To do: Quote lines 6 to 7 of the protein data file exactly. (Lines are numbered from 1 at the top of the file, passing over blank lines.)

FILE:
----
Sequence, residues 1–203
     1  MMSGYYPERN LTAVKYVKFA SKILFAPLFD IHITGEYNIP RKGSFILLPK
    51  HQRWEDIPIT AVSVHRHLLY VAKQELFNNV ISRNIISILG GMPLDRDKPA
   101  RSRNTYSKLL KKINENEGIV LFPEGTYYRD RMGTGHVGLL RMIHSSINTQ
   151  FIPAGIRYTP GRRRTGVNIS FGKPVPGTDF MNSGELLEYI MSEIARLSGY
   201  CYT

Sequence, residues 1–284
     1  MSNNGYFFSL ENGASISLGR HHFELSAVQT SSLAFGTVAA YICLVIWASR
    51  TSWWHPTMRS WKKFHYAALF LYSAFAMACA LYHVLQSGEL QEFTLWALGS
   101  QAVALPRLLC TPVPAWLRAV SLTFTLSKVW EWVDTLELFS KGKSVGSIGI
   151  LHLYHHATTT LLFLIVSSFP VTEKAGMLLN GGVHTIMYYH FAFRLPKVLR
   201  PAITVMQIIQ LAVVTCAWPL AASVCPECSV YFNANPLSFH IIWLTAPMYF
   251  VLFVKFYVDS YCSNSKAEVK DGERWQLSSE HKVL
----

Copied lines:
   201  CYT

Sequence, residues 1–284